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Sisters in the Resistance: How Women Fought to Free France, 1940-1945by Margaret Collins Weitz
Synopses & Reviews
Sisters in the Resistance "I was in my early twenties when the Germans invaded our country. To this day, when I read about a rape trial, I am reminded of the Occupation. This was really violation—violation of my country. It was impossible to remain passive." —Lucienne Guezennec In Sisters in the Resistance, noted scholar and historian Margaret Collins Weitz weaves a remarkable collection of first-person interviews into a unique oral history of the women who fought for the French Resistance. The result is a vivid portrait of defiance and endurance that captures the unsung heroism, quiet courage, and ultimate triumph of the women in "the army of the shadows." Candidly, calmly, and modestly, the women speak—many for the first time—about the driving forces behind their struggle, the ideals that motivated them, and the daily hardships and bitter realities of life in occupied France. It was a life of unimagined privations in which food, fuel, clothes, and other daily necessities were both scarce and rationed. Newspapers became precious insulation against the cold, and posters appeared on city streets warning the population about the dangers of eating rats. Yet, despite the exigencies of day-to-day existence, the women persevered, serving as couriers, translators, and medics, and they proved indispensable to the creation and distribution of the Resistances most effective weapon: the underground press. Sisters in the Resistance also reveals how and why women operatives often had a decided advantage over their male counterparts in clandestine operations. As the war intensified, the stakes grew higher, the risks greater. Living with the constant danger of discovery, there was no margin of error for the résistantes. Relentlessly pursued by the Gestapo and their collaborators, a slight lapse in judgment could lead to imprisonment, torture or even death. During her research, Margaret Collins Weitz was given unprecedented access to volumes of previously classified materials and memoirs. As a result, Sisters in the Resistance offers fresh insights into the social and cultural fabric of occupied France, revealing the stifling paternalism and patriotic obsessions that would relegate these womens contributions to the back pages of history for decades. It is a haunting, dramatic, and long overdue addition to the written history of the Second World War.
Based on interviews with 70 surviving participants, who recreate their activities during the period, 1940-1945, and with access to previously classified materials, this is a history of the role of women in the French Resistance during the Nazi occupation.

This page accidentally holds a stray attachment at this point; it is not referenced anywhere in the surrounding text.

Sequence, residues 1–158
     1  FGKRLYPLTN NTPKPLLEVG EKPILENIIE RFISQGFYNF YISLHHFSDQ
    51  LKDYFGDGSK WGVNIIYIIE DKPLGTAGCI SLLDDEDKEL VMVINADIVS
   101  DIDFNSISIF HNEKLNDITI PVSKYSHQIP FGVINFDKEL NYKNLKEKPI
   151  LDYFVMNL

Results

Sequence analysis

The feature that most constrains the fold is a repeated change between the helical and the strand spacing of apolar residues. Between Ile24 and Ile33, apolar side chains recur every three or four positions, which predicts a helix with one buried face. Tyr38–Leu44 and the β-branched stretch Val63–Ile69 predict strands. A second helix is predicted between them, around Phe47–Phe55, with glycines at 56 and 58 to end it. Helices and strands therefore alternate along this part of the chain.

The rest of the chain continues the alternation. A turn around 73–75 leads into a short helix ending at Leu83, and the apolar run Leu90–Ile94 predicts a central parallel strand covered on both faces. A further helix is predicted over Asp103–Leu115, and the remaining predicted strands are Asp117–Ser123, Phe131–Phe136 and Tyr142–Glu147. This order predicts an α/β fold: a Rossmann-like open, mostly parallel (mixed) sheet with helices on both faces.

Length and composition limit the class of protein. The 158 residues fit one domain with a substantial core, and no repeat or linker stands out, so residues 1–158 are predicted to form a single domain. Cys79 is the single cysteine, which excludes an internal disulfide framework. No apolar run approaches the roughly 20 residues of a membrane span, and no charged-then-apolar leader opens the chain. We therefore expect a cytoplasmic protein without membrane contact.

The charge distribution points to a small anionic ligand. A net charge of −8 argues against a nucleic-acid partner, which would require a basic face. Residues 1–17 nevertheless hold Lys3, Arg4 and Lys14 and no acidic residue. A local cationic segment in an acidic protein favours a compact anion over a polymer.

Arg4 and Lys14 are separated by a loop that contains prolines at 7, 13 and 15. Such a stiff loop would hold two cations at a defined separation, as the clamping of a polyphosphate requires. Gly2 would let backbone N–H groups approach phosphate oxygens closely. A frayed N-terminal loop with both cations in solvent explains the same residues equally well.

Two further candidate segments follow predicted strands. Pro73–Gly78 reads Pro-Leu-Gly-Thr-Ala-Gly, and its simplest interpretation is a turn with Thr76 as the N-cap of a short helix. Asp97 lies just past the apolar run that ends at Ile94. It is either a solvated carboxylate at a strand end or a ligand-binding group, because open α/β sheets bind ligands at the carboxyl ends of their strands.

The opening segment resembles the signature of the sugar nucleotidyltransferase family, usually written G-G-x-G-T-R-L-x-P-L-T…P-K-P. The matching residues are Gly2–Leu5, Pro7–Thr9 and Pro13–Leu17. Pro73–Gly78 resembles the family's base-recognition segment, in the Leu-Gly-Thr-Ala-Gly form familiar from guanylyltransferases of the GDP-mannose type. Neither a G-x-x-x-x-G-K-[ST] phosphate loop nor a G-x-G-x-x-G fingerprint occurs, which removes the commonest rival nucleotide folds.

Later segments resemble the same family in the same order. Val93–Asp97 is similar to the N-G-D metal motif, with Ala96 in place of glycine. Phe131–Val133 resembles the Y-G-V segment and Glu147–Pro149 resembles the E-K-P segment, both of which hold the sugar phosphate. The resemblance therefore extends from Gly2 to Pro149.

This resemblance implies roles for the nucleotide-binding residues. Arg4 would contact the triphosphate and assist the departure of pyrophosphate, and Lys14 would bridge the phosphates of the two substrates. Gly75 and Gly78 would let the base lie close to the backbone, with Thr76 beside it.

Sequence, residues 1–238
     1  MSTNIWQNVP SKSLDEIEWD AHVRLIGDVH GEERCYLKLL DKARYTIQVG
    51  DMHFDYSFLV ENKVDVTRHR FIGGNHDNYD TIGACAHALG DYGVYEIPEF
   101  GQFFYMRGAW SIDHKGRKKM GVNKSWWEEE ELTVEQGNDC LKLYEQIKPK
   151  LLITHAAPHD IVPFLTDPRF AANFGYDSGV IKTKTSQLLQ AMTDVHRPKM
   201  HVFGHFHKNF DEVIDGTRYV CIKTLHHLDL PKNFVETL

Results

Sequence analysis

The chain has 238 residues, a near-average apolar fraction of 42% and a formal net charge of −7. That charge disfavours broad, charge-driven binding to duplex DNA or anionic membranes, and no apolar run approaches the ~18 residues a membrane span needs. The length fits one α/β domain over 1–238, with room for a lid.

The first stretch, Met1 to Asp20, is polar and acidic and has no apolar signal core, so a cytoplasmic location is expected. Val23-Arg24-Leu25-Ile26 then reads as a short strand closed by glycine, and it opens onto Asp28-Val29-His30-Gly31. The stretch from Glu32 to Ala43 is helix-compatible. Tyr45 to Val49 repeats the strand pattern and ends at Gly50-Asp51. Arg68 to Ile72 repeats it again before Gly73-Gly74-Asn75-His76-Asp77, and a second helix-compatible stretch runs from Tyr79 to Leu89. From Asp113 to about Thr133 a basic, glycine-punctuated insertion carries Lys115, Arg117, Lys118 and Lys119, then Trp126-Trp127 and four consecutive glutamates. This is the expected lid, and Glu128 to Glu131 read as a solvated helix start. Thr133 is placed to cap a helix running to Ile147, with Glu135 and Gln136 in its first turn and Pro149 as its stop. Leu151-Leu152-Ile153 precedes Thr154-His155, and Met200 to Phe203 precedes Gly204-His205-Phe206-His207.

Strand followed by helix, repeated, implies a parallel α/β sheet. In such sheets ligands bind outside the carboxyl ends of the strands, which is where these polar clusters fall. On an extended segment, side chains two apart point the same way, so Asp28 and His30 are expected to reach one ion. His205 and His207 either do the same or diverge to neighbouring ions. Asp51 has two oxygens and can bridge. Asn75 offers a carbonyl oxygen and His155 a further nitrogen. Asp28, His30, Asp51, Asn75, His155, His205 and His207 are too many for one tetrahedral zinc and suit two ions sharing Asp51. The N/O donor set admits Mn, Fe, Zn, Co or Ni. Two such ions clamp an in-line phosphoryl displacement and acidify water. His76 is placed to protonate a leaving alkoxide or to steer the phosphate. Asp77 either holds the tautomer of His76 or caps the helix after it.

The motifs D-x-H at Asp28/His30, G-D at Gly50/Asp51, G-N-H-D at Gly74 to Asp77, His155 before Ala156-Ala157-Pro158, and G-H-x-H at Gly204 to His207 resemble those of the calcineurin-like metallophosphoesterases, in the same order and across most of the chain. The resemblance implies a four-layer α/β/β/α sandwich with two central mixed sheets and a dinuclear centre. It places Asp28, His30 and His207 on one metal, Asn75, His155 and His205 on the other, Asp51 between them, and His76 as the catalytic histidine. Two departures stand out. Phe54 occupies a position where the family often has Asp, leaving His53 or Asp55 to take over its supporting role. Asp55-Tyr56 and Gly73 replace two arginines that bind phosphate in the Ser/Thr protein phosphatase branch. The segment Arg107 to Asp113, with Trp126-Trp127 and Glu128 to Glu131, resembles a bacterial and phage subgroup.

Critical acclaim for Sisters in the Resistance
"Often moving . . . always fascinating . . . women in the French Resistance is a key subject. Margaret Weitz has gathered personal testimonies . . . and set them in an intelligible context that helps us understand how all French people—men and women—experienced the Nazi occupation." —Robert Paxton, Mellon Professor of Social Sciences, Columbia University, and author of Vichy France: Old Guard and New Order, 1940-1944.
"Compulsive reading . . . a valuable book which vividly portrays the intricacies of resistance within France, written in an easy but serious style." —Times Literary Supplement (London).
"An absolutely stunning and compelling chronicle of dauntless courage and unflagging patriotism." —Booklist.
"[Margaret Collins Weitz's] well-researched, thoughtful study. . . has filled a gap in the history of World War II." —Publishers Weekly.
"Balancing absorbing narrative and astute analysis, Margaret Collins Weitz has integrated the unsung achievements of women into the history of the French Resistance." —Carole Fink, Professor of History, The Ohio State University, and author of Marc Bloch: A Life in History.
"Fifty years after the end of World War II, Sisters in the Resistance renders homage to the courageous women of the French Resistance. It is high time for their contributions to be fully acknowledged, and fortunate indeed that they have found such a sympathetic, scholarly, and lucid chronicler in Margaret Collins Weitz." —Marilyn Yalom, author of Blood Sisters: The French Revolution in Women's Memory.
Sisters in the Resistance is the first fully documented account of the role women played in fighting the Nazi occupation of France during World War II. This compelling book, a major addition to the history of France during the war, gathers the recollections and voices of 70 courageous women who fought in the French Resistance. These first-person accounts of danger and suspense, deadly cat-and-mouse games with the Gestapo, and heroic acts of defiance are both riveting and inspiring.
About the Author
MARGARET COLLINS WEITZ is a professor in the Department of Humanities and Modern Languages at Suffolk University in Boston, and is a Senior Affiliate at Harvard. She is the author of Femmes: Recent Writing on French Women, coeditor of Behind the Lines: Gender and the Two World Wars, and has written numerous articles about women in France.
Table of Contents
Women and the War-within-a-War.
France under German Occupation.
French Women under the Vichy Regime.
Organizing Resistance in France.
Resistance: A Family Affair.
Young and Alone.
War Is a Man's Affair.
Support Services: Women's Eternal Vocation.
Room and Board: Critical Concerns.
Conclusion: Women and the Legacy of the Resistance.
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History and Social Science » Europe » France » World War II